After finishing my latest novel at the end of last year, I gave myself the month of January to give it a thorough edit. At just over 90K words, I figured a whole month would be more than enough time to get this manuscript in shape.
I was wrong.
See, it's been a while since I've written a new book, and even longer since I started a new series. Mistakes were made.
After the first read through, I realized that my first draft is a hot mess. Now, it's not as bad as the very first novel I ever wrote (often referred to as the novel without a plot), but it's pretty bad.
The plot is there and fairly solid, but somehow I completely bungled my character motivations. The result is a solid cast of interesting characters who keep changing their minds and leaving me wondering what the hell I was doing.
So this month I'm going back to the basic. I pulled out old plotting worksheets I haven't used in years and found a new tool to help me get a better handle on these characters. I'm determined to wrangle them into shape even though that means this edit is going to take much longer than initially planned.
It sucks. Really and truly.
I thought I was past these kinds of author fails. After all, this is my 12th full length novel (if we don't count the ones without plots). I'd assumed I was better than this.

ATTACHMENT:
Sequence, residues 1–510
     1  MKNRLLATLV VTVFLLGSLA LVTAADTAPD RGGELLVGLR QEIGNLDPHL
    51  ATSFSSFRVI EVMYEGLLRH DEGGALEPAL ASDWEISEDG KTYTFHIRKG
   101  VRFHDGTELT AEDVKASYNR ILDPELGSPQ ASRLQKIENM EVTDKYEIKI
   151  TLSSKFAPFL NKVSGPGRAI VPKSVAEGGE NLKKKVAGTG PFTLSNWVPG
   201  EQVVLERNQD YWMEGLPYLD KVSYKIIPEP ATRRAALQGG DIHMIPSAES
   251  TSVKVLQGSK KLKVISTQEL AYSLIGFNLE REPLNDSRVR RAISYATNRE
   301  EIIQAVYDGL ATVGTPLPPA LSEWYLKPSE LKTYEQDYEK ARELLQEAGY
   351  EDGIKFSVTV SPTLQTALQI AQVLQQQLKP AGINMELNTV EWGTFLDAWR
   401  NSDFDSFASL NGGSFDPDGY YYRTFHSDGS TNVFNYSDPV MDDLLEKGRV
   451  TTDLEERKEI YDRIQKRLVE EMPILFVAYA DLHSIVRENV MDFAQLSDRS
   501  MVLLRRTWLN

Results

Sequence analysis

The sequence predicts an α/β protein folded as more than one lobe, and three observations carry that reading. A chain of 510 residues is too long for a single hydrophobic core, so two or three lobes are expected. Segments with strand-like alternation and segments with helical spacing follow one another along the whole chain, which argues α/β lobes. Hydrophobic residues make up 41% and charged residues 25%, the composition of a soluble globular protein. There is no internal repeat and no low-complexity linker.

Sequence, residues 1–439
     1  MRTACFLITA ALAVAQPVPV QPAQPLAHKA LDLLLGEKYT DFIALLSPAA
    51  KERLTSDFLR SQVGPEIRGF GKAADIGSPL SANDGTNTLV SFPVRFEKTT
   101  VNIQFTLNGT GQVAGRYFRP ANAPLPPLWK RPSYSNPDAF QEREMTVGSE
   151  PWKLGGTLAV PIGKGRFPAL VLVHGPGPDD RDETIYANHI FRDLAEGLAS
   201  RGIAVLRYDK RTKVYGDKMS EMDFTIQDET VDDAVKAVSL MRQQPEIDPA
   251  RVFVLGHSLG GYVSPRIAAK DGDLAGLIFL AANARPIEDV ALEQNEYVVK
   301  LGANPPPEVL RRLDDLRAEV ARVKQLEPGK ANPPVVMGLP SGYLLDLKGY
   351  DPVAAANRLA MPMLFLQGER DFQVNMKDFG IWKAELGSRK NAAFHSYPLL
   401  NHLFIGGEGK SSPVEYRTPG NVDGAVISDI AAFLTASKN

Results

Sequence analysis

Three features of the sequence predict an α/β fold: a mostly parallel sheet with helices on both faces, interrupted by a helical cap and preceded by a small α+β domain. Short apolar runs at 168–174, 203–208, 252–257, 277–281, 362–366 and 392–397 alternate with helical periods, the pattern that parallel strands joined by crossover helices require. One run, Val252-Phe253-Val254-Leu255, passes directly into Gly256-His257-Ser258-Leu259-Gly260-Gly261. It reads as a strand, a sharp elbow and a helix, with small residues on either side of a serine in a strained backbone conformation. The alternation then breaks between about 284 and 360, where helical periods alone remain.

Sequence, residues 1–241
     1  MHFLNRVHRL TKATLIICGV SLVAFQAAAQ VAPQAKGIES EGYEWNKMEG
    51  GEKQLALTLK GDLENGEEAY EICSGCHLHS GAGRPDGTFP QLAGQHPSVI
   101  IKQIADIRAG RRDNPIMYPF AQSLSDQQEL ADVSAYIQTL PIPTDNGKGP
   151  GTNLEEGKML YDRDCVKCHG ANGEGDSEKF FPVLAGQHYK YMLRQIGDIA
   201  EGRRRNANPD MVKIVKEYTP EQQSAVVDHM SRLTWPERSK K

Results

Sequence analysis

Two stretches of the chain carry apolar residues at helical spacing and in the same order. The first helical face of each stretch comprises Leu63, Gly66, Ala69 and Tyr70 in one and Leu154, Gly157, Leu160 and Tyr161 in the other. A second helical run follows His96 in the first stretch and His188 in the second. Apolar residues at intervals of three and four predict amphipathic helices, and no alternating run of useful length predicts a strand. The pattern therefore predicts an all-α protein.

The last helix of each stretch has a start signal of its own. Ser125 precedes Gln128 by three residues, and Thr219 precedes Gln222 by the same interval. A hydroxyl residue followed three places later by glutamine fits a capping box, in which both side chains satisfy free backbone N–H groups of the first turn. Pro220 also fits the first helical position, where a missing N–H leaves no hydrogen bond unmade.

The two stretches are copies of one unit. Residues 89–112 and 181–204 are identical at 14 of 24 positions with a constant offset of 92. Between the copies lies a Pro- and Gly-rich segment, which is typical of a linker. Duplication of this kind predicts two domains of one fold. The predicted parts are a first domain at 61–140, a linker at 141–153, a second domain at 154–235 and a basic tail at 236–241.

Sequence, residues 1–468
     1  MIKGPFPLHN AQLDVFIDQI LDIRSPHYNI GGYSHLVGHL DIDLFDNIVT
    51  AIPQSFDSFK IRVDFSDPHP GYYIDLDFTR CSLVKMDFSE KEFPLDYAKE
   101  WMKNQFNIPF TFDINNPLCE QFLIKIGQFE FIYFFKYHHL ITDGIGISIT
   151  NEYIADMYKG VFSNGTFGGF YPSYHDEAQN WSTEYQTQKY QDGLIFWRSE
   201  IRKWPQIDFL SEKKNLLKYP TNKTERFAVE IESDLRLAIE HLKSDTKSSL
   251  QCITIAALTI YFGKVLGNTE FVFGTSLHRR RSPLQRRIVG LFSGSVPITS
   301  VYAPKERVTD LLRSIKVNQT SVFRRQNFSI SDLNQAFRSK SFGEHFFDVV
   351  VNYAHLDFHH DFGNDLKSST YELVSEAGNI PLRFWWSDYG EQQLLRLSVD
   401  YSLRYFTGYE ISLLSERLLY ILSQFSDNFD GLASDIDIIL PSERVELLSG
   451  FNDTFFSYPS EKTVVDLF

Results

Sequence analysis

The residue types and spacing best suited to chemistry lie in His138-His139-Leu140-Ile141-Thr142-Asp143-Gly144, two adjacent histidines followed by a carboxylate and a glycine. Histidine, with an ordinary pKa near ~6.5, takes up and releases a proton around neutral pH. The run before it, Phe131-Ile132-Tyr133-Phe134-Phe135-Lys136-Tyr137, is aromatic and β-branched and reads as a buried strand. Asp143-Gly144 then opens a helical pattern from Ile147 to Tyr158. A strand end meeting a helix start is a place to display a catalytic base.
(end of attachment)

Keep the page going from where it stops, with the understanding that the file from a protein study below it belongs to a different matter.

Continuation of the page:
But the reality is that every author, no matter how many times they've done this, is going to come up against these kinds of blunders. This isn't the first time I have to rewrite several chapters and re-plot a book. It won't be the last. It will suck every time.
When I first started on this journey I thought that these kinds of mistakes were reserved for rookies, or even a sign that I didn't have what it takes. Now I know better and accept that setbacks are going to happen.
If this is you, don't give up. Don't quit because something isn't working. Don't be afraid to ask for help. Don't be too big for britches to go back to the basics and relearn a lesson you thought you already knew.
It's okay to fail in the process of writing your novel. It's even okay if that first draft is so bad you have to scrap the whole thing, set it on fire, toss it over the Niagara and start over. So long as you keep going, it's not really a fail.
And keep your eyes open, because once this book is whipped into shape I can't wait to share it with all of you.